Renoir did not agree much with the academic style of his teacher, but he decided to continue learning the elementary skills that he needed to become a professional painter.
At his time at the studio, Renoir bonded with three other students, Alfred Sisley, Claude Monet and Frédéric Bazille.
All four students shared a dream of an art that would surpass the limitations of traditional art. They believed in creating art that should be much closer to life without the need to tell a story.
Renoir and his friends would spend a significant amount of time in the scenic forest of Fontainebleau. It became their favorite spot to indulge in plein air painting.
During the summer of 1869, Renoir and Monet would paint at La Grenouillère, a lakeside boating resort. It wouldn’t be wrong to say that La Grenouillere can be regarded as the birthplace of Impressionism.
During these two months, both the artists began to use broad brushstrokes to capture the natural movement of water and the beautiful effects of light.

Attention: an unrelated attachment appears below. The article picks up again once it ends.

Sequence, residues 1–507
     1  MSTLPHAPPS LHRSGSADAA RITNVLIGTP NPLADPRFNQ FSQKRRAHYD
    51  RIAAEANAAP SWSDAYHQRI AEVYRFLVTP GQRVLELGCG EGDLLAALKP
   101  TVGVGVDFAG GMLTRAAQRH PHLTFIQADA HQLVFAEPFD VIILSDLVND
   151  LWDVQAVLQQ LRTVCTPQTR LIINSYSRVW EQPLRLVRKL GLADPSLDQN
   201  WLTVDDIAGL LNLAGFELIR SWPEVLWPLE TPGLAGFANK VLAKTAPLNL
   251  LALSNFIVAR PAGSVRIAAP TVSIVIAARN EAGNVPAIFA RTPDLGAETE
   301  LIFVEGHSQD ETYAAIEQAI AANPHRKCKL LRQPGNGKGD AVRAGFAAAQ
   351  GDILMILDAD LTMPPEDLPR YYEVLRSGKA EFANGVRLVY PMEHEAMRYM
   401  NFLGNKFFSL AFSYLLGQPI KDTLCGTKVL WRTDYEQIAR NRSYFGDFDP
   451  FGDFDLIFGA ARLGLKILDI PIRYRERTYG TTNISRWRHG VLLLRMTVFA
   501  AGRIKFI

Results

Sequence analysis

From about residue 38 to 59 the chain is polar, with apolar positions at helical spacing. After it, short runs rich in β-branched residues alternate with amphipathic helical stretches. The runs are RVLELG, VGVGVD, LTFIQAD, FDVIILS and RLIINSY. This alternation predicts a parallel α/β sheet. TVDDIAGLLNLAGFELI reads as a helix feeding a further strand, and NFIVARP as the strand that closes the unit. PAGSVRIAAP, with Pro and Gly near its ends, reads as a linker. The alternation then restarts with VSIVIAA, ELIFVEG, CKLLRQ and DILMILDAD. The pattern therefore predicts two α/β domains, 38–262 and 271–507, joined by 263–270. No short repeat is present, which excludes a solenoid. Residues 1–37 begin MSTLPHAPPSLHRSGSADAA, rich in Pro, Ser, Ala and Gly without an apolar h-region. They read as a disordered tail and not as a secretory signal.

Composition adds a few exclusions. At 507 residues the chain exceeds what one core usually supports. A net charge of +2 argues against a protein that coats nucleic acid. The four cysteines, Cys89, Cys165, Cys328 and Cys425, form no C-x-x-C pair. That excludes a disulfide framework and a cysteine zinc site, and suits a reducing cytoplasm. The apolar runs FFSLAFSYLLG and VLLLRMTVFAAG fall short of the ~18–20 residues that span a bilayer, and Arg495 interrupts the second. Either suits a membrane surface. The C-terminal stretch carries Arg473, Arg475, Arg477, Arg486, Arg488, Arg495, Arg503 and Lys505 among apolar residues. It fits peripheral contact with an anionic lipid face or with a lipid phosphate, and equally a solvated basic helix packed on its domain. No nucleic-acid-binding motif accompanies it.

In 1871, after returning from his military service during the war, Renoir’s painting career began to go downhill. Due to the unfinished quality of his newer techniques, his work was more rejected by the Salon than accepted.
Unlike his colleagues, Claude Monet and Camille Pissarro, he continued to submit his work to the Salon until 1873. Later in 1881, Renoir wrote to his dealer, Durand-Ruel:
“In Paris, there are barely fifteen collectors capable of liking a painter without the backing of the Salon. And there are another eighty thousand who won’t buy so much as a postcard unless the painter exhibits there.”
After 1873, when Impressionists’ works were largely rejected by the Salon, Renoir with his fellow impressionists, began to plan an independent exhibition.